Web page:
Imagine entering a shaded outdoor space in the middle of a sunny day in Singapore. The ambient air around your body is hot – over 30 °C and 75% relative humidity. This outdoor space is not air-conditioned, nor is it ventilated by a fan or any other equipment. Yet, as you enter this space you begin to feel an unexpected sensation of cooling down. You touch the surfaces around you, and search for a source of cooling, but exposed surface temperatures feel little different than the hot ambient environment. What becomes even more bewildering is that, after a few minutes in this space, even though the air temperature is still not changing, you begin to actually feel properly cold…. outside… in Singapore…in the middle of the day.
Chances are that the experience above is difficult to imagine and hard to believe possible. This is the case because the heat transfer mode at play is one that seems intrinsically unfamiliar to us: radiant heat rejection from the human skin, otherwise known as, radiant cooling.
The research goal of the Cold Tube project is to explore new applications for selective low-cost polymers that universally enables radiant cooling in hot and humid environments without dehumidification and the risk of condensation. The project builds on an Singapore National Research Foundation (NRF) IntraCREATE Seed Grant project, named “Cold Tube”, referring to a new technology developed by the authors for providing radiant cooling in humid environments. Having begun in early 2018, the Cold Tube “1.0” project will demonstrate the functionality of this technology through the construction of a temporary outdoor pavilion in Singapore.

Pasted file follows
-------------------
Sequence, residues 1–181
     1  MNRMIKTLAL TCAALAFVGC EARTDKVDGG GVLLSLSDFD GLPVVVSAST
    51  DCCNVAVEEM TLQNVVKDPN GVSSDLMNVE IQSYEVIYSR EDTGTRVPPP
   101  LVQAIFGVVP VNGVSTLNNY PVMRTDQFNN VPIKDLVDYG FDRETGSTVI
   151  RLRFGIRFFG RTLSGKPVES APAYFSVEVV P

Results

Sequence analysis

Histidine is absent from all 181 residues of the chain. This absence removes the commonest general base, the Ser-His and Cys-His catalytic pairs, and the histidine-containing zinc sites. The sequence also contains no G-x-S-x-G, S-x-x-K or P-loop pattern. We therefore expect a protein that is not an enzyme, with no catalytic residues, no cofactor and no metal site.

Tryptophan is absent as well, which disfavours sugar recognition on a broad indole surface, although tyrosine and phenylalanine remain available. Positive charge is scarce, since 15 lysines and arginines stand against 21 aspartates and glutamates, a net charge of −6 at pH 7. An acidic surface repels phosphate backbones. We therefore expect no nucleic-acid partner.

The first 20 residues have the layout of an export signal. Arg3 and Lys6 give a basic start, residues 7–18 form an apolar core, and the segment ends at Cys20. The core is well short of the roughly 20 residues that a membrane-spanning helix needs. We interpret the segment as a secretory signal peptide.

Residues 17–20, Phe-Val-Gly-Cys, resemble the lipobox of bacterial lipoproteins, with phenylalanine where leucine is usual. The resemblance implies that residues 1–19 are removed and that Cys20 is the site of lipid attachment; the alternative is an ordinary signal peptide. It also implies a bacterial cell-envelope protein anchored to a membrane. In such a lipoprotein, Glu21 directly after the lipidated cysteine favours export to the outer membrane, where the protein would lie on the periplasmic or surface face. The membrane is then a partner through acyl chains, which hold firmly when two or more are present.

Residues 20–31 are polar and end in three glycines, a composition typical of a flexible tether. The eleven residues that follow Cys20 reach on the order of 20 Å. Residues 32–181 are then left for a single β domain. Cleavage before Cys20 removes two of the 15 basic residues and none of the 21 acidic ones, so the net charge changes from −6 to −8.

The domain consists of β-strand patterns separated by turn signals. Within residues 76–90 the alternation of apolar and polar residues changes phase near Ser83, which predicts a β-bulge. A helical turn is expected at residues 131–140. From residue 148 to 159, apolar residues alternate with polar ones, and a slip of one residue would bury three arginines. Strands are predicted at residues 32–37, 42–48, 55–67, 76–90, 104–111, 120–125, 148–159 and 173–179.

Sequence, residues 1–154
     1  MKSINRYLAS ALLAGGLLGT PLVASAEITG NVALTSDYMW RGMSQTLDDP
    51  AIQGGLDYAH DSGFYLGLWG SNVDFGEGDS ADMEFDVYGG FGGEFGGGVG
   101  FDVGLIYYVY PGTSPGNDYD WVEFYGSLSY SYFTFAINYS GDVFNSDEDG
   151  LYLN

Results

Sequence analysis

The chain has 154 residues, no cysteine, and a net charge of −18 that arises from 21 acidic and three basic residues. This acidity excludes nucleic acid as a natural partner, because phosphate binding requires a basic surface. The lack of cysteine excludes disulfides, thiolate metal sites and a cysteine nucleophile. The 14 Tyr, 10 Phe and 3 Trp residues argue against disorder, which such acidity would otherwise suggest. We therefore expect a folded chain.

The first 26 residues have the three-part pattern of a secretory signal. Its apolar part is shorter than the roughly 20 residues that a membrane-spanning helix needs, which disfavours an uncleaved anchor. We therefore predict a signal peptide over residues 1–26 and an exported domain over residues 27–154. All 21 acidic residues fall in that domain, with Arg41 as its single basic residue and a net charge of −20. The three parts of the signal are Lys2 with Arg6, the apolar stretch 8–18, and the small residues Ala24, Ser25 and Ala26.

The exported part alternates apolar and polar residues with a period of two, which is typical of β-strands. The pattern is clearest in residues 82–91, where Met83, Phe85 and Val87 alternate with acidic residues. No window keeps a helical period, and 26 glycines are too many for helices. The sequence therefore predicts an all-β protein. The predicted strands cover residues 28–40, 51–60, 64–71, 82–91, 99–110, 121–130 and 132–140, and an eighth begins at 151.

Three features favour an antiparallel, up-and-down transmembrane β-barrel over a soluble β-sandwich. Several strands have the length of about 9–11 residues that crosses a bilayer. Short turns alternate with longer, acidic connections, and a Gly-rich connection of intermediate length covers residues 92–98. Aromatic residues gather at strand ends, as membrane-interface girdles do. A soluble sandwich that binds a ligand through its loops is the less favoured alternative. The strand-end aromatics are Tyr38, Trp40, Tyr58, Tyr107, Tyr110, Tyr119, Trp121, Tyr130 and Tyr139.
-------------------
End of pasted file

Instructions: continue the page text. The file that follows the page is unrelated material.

The Cold Tube concept allows the recursive relationship between design and radiant cooling to flourish, enabling radically new indoor and outdoor urban typologies and modalities, fundamentally based on materials engineering, thermodynamics, and design. The project will seek to investigate the potential implications of wider adoption of the technology in hot and humid climates, both through an expanded design-driven demonstration in a real-world scenario, and the development of calibrated predictive models of energy and comfort for integration with larger urban-scale heat island and Outdoor Thermal Comfort (OTC) models.
The project is a project of ETA Lab (UBC) in collaboration with the Singapore-ETH Centre, CHAOS Lab (Princeton University), the Center for Built Environment (UC Berkeley), and the Chair of Architecture and Building Systems (ETH Zurich).
More information on the project can be found here.